As symbols, darkness and light should be old friends to you by now. You've probably encountered them in any number of poems. Often, light has positive associations—life, hope, love—while the absence of light symbolizes all kinds of bad stuff, such as fear, despair, and death. Like almost every other poet in the history of the world, James Wright uses darkness and light as symbols, but not in the way you might expect. Instead of assigning clearly positive or negative values to light and darkness, he blends images of darkness and light to convey an "in-between" state of mind, setting the stage for a mysterious shift in awareness.
Line 2: Long ago, before the word "twilight" was forever linked to vampires, and even before the spooky television series The Twilight Zone (ask your parents), "twilight" usually just referred to the period of half-light after sunset before night. Though often considered beautiful, twilight is also associated with uneasiness, as the dim light can play tricks on your eyes. When "Twilight," in personified form, "bounds softly" into line 2 of "A Blessing," its unexpected presence establishes a tone of mystery and even magic that suffuses the rest of the poem.
Line 4: Eyes can "darken" for various reasons, not all of them pleasant; "darken with anger" is one common turn of phrase. So it's a little surprising to learn that the eyes of the ponies are darkening with "kindness." See what we mean about Wright's unconventional use of light and dark symbolism?
Line 8: The phrase "grazing all day" conjures up the image of long, sun-drenched hours preceding twilight. Such a pastoral scene often connotes quiet contentment, and the following line does include the word "happiness." But line 8 ends abruptly with the word "alone," foreshadowing the "loneliness" in line 12. So rather than having purely positive connotations, the light associated with "day" conveys a mixed mood.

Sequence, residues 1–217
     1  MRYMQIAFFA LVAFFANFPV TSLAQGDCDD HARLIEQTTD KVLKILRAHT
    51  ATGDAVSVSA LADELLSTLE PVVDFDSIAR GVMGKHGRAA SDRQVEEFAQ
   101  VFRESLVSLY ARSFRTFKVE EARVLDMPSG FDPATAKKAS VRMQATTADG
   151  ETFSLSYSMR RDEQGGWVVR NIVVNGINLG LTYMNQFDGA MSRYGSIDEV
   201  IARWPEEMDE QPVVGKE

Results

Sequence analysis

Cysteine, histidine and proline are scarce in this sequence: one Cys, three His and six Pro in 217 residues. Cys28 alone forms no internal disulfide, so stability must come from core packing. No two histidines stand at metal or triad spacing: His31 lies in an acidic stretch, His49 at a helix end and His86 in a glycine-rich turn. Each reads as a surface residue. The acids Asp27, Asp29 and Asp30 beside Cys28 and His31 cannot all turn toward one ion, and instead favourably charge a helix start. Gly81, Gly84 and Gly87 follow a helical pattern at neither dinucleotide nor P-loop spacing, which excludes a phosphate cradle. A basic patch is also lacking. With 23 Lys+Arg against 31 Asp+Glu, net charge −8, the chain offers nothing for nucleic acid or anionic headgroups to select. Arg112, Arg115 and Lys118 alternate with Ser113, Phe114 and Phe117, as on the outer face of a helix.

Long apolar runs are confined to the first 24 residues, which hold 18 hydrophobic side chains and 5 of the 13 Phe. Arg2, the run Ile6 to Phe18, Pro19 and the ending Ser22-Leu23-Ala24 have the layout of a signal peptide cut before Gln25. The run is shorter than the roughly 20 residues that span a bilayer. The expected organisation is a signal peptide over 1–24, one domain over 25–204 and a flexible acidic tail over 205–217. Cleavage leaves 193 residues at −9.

Line 14: Ah ha, darkness again! But again, it doesn't have the negative symbolism we might expect. In fact, the prepositional phrase '"in darkness" literally contains the positive symbol of "spring" (see the "Spring" section), with all of its hopeful connotations of youth ("young"), growth, nourishment ("munching"), and hope.
Line 18: While twilight blends darkness and light, creating a kind of gray light, the ponies' "black and white" markings create an alternating pattern of darkness and light, not unlike the symbol of Taoism, an ancient Asian philosophy (see an example here). The black and white markings of the Tao symbol represent the balance between opposing forces in the universe as well as the universal energy that flows through all things. (If you're interested in these ideas, check out the discussion in the "Title" section.)
Line 20: When you first see the word "light" in line 20, you might expect more light vs. darkness symbolism, but then you realize that the word is being used as an adjective to modify "breeze," so it means "gentle." Still, poets love words with multiple meanings, and nobody is going to stop you from momentarily considering "light" as a visual as well as tactile image, further reinforcing the positive associations of the breeze which leads to the speaker's mystical vision.